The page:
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  1. Home /
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  3. PCOS and Fatty Liver: Unveiling the Crucial Link

PCOS and Fatty Liver: Unveiling the Crucial Link

Unlock the connection between PCOS and fatty liver. Discover insights into managing these conditions for a healthier, balanced life. Dive in now!

  • Gynecologyy
By Shweta Kulshreshtha 14th Dec '23 20th Dec '23
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Polycystic Ovarian Syndrome, or PCOS, is a significant health issue. It affects around 116 million women worldwide, about 3.4% of all women. Among them, about 1.55 million are in the reproductive group. PCOS can raise the chances of getting a fatty liver. Research shows that fatty liver problems are more common in people with PCOS compared to those without it. It's found in 36% of cases and can go up to 70% in women with PCOS who also have liver issues.
 

Have you ever wondered how PCOS, a hormonal disorder, and fatty liver disease might be interconnected? Let's explore the fascinating link between these two common conditions affecting women.

How Often is Fatty Liver Disease Observed in Individuals with PCOS?

Free vector hand drawn flat design fatty liver illustration

Take charge of your well-being: Act now and schedule a check-up to monitor the potential link between PCOS and Fatty Liver Disease.

PCOS and non-alcoholic fatty liver disease (NAFLD) are both common conditions. They mainly affect women.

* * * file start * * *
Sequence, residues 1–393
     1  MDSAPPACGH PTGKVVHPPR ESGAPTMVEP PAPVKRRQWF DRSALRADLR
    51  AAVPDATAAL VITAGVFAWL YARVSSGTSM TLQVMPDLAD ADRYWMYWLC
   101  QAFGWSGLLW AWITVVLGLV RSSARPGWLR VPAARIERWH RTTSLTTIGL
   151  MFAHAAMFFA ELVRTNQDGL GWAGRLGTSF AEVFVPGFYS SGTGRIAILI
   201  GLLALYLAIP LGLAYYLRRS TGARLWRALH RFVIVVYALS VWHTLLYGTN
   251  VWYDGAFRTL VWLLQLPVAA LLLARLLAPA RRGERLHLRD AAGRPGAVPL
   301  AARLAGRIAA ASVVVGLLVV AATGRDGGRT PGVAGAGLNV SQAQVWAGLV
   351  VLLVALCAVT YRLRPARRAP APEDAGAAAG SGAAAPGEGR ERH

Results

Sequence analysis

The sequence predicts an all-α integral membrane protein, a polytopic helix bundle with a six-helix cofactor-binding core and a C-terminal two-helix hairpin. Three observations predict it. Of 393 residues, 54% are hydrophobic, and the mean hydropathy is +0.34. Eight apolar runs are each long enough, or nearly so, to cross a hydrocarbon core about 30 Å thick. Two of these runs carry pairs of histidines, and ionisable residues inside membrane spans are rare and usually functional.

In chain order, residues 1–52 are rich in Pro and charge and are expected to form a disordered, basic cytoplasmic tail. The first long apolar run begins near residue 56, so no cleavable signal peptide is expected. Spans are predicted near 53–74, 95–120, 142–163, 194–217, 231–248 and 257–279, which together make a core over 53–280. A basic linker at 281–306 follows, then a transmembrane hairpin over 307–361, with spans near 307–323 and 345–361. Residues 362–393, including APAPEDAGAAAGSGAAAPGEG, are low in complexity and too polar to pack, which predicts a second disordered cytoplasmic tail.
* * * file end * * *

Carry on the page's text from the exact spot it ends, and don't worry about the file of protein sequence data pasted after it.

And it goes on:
PCOS is a hormonal disorder. It can lead to irregular menstrual cycles, ovarian cysts, and metabolic disturbances. Several studies suggest a link between PCOS and an increased risk of NAFLD. 
This association might be related to insulin resistance, obesity, and hormonal imbalances. These are the typical characteristics of PCOS.
The prevalence of fatty liver diseases in individuals with PCOS varies across studies. Research indicates a higher prevalence of NAFLD in women with PCOS compared to those without it.
 

What are the Main Factors Relating PCOS to Fatty Liver Disease?

Menopause concept illustration

Let's look at some of the main factors which link PCOS to fatty liver disease:
 

  • Insulin Resistance: Insulin resistance is a key factor in PCOS and fatty liver diseases. Women with PCOS often have insulin resistance. This means their cells don't respond effectively to insulin. Thereby, it leads to increased insulin levels in the blood. Insulin resistance can contribute to the accumulation of fat in the liver. It is a hallmark of fatty liver diseases.